Fewer ARM bond issues likely
Private issuance of securities backed by option adjustable-rate mortgages should fall this quarter after exceeding last year’s pace in the first three quarters of 2006, RBS Greenwich Capital said in a report Monday.
Option ARMs typically allow borrowers to pay less than the interest due each month, with the difference tacked on to their mortgage balances. Issuance this quarter of bonds backed by such loans should fall near a point that would bring the full-year total in line with last year’s $148 billion, Desmond Macauley, a RBS Greenwich managing director, wrote in the report.
Such loans made up 15% of mortgage originations in the first half of this year, up from 8% in the second half of last year, according to data from a Mortgage Bankers Assn. survey released Monday. The increased popularity of option ARMs in the last three years amid record home-price appreciation raised concerns among some investors and regulators about whether lenders were capable of handling the extra risk.
Private, or nonagency, issuance of bonds backed by option ARMs may be trimmed this quarter by lower cash-out refinancing amid slower home price appreciation, fewer home purchases and the appeal of fixed-rate loans, Macauley wrote. His full-year estimate would mean a decline in issuance to $23 billion in the fourth quarter, a 45% drop from the same period in 2005 and a 47% drop from last quarter.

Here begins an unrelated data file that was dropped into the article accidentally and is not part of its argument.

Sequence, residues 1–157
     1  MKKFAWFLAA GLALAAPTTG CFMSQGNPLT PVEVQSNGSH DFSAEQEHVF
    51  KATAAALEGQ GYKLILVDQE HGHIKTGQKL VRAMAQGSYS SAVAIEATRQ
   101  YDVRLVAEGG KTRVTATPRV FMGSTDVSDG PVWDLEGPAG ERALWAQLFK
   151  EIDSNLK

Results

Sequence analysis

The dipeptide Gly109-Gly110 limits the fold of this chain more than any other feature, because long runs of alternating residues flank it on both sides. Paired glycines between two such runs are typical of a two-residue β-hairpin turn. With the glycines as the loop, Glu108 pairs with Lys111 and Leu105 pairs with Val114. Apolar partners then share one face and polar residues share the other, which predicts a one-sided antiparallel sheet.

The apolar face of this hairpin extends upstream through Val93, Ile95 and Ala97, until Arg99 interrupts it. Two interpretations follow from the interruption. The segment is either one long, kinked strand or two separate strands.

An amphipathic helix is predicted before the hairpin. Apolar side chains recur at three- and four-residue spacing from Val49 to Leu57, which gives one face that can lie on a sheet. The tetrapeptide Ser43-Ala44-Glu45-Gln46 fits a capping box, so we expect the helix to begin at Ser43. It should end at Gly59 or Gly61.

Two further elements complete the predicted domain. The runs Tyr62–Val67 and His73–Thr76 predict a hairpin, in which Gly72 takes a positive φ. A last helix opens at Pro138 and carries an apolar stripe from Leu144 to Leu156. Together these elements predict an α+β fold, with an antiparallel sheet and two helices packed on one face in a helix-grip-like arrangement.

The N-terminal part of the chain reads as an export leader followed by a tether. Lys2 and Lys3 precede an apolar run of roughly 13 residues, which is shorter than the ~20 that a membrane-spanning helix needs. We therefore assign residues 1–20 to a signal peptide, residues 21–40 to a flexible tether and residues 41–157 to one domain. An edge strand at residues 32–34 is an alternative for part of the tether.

Regulators last month issued guidance to federal banks calling for tighter underwriting and better consumer disclosures on nontraditional loans.
The new guidance, which recommends that lenders offer more information about the terms of nontraditional loans and tighten underwriting standards, will modestly cut into option ARM originations, Macauley wrote. Higher qualification standards may also slow prepayments as they may hinder borrowers “attempting to refinance into another option ARM loan,” he said.
Washington Mutual Inc., the largest U.S. savings and loan, and Countrywide Financial Corp., the largest U.S. mortgage lender, originated fewer option ARM loans in the third quarter, Macauley noted. Washington Mutual’s production of the loans was down 25% from a year earlier at $12 billion, and Countrywide’s origination dropped 49% to $15 billion.
Fannie Mae and Freddie Mac, the two largest U.S. mortgage finance companies, purchase and securitize option ARMs. The fact that they have not kept up with the loans’ popularity is cited as one cause of their loss of market share in recent years. The two government-chartered companies are referred to as agencies.